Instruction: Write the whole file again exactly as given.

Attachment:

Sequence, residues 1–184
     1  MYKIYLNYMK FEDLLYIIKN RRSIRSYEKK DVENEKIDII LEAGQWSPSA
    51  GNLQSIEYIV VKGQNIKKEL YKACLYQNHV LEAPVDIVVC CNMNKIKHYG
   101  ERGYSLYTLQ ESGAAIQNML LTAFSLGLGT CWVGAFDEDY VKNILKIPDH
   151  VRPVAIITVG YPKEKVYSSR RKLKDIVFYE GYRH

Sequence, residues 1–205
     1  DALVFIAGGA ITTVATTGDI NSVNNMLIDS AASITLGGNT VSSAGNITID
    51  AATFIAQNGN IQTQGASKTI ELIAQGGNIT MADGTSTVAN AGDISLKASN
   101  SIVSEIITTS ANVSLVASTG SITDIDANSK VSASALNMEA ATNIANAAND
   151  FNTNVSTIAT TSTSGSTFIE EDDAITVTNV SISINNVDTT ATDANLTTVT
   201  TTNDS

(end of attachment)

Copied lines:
Sequence, residues 1–184
     1  MYKIYLNYMK FEDLLYIIKN RRSIRSYEKK DVENEKIDII LEAGQWSPSA
    51  GNLQSIEYIV VKGQNIKKEL YKACLYQNHV LEAPVDIVVC CNMNKIKHYG
   101  ERGYSLYTLQ ESGAAIQNML LTAFSLGLGT CWVGAFDEDY VKNILKIPDH
   151  VRPVAIITVG YPKEKVYSSR RKLKDIVFYE GYRH

Sequence, residues 1–205
     1  DALVFIAGGA ITTVATTGDI NSVNNMLIDS AASITLGGNT VSSAGNITID
    51  AATFIAQNGN IQTQGASKTI ELIAQGGNIT MADGTSTVAN AGDISLKASN
   101  SIVSEIITTS ANVSLVASTG SITDIDANSK VSASALNMEA ATNIANAAND
   151  FNTNVSTIAT TSTSGSTFIE EDDAITVTNV SISINNVDTT ATDANLTTVT
   201  TTNDS